Milk is a word that leads to passionate discussions. Some defend cow’s milk like tigers; others degrade it and do not give it a chance. You would think people are arguing about a dangerous illegal drug.
To defend their position, critics of cow’s milk argue that humans are the only mammals that consume milk in adulthood. This has never convinced me, because except when we humans become aggressive, we do everything different from the animal kingdom.
Firstly, we should keep in mind that milk is a food and treat it as such. Before modern measurement methods divided each nutrient into the smallest possible unit, people relied on traditional knowledge, real-life experience and their own body intelligence to decide whether a food was healthy for them. Similarly, mothers’ intuition about feeding their children has been accepted as the most natural thing on earth.
Don’t get me wrong, research is necessary and very useful, but it is not absolute. It has an accidental by-product, which is that as far as nutrition is concerned, an excessive number of consumers prefer to blindly rely on general recommendations, to become lazy and to forget that an essential part of health is listening to the signals of your body.
Most adults tolerate a glass of organic or high-quality milk quite well per day. However, any amount of milk can cause stomach pain if you insist on drinking it more than your system can take. But isn’t it the same with all foods?
Cow’s milk isn’t the only good source of calcium, which seems to be the main concern. For example, dark green vegetables and hiziki seaweed contain easily absorbable calcium. True vegetarians need 50% less calcium than those who eat meat every day.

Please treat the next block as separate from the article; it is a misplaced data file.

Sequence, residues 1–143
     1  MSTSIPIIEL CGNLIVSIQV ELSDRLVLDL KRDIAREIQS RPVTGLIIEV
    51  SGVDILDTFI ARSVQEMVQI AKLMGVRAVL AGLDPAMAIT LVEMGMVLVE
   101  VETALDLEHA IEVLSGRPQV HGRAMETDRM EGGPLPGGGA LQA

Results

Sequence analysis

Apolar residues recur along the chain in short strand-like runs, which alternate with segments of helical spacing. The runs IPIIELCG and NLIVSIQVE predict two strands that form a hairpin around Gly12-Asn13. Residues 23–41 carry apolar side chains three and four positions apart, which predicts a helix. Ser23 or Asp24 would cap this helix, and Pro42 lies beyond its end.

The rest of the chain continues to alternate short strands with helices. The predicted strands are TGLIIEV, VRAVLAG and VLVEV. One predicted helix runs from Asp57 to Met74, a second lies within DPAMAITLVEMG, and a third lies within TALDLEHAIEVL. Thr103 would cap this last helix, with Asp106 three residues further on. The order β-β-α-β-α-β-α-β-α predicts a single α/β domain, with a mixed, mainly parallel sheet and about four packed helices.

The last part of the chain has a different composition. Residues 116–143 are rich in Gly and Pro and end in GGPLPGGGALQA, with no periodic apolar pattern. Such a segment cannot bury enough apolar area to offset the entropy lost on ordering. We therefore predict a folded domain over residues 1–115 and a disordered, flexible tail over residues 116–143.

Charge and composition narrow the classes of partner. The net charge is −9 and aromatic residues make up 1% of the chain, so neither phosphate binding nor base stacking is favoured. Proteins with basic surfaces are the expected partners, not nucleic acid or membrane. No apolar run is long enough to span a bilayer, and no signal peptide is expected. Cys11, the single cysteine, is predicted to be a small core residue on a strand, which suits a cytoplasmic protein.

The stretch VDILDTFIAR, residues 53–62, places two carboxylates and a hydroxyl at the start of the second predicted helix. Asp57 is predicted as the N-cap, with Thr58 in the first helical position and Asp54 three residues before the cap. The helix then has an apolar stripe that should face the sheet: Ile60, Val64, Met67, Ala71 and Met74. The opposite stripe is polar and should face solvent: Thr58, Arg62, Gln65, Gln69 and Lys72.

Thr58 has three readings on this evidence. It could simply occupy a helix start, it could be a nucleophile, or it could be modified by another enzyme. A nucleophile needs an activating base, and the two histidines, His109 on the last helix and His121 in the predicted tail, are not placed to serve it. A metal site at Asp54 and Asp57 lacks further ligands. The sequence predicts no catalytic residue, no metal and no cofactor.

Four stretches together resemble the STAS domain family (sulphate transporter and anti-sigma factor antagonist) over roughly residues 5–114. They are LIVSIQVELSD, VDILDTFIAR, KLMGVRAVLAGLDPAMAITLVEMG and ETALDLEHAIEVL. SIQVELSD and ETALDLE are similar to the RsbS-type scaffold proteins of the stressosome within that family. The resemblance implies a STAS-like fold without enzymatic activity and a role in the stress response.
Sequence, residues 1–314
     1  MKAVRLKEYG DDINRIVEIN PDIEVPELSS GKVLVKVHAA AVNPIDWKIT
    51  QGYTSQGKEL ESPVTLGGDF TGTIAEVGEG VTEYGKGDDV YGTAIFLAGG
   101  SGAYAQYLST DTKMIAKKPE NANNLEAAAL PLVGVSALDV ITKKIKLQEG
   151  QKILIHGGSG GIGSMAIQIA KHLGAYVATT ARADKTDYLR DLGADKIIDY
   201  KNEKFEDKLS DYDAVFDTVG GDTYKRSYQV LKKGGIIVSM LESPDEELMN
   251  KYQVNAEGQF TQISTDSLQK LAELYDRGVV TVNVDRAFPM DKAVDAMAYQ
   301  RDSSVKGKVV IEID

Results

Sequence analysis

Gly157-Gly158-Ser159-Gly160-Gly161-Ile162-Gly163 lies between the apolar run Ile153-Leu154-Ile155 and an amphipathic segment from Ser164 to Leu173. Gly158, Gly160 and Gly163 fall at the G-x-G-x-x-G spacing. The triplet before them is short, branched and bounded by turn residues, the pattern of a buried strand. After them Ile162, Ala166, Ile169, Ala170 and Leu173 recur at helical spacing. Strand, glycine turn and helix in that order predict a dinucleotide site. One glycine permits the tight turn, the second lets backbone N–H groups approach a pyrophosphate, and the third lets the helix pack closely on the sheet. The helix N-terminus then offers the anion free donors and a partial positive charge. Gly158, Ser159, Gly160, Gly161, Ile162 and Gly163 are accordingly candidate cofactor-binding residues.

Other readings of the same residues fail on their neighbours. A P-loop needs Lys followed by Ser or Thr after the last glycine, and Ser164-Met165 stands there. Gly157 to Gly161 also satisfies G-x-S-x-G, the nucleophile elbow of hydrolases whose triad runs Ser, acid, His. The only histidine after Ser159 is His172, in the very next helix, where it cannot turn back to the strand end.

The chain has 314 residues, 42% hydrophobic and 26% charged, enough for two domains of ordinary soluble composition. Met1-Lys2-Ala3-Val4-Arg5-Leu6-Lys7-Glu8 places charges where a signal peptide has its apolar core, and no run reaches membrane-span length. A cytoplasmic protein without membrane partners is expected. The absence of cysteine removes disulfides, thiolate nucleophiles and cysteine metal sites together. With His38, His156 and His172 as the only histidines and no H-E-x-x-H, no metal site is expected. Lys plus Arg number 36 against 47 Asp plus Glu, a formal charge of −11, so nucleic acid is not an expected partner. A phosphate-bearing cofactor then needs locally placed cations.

If you love dairy, a reasonable compromise is to drink 8.5 ounces or 250 ml of hot cow’s milk per day, at most, and the rest as fermented forms of milk such as kefir. Or you can emulate the Mediterranean which adds milk to their morning coffee and that’s it.
Lactose intolerance and cow’s milk allergy
In the Bible, milk is a recurring symbol of abundance. Today milk flows everywhere, but many adults suffer from lactose intolerance, which is the inability to digest this milk sugar easily, because the body does not produce enough of an enzyme called lactase.
Cow’s milk allergy isn’t as common, but when it affects babies, mothers need to find a healthy milk substitute that gives them peace of mind. To avoid milk allergy symptoms, those who are allergic to cow’s milk protein should avoid any contact with milk.
Sea milk can be an alternative for adults suffering from cow’s milk allergy, lactose intolerance or soy milk allergy. Parents should seek the advice of a doctor. Sea milk is popular in northern European countries, but in North America it is still difficult to find a supplier.
Sea milk is easier to digest than cow’s milk. Its protein composition is closer to breast milk than to cow’s milk. It has a lower fat content, vitamin A and four times more vitamin C. It contains magnesium, potassium, nitrogen, calcium, phosphorus and sodium. The Mongols have drunk a lot of fermented mare’s milk and have used it fresh for their salty tea for centuries. This may explain how they survived on only a few vegetables in their diet.
The Belgian farmer who first sold me the mare’s milk was very enthusiastic. He told me that he had been suffering from severe candida for many years and that he had recovered from drinking 250 ml or 8.5 ounces of mare’s milk per day. For a year and a half he traveled to Holland to buy his precious mare’s milk. Eventually he founded a mare’s milk farm and is now successfully selling mare’s milk.
I didn’t have such digestive disorders, but I wanted to taste it. And so I drank a glass of mare’s milk every day for a month. Its consistency is really thinner than cow’s milk and is sweeter and very light on the stomach.
Why not try mare’s milk if you have difficulty digesting cow’s milk or just want to add more variety to your food?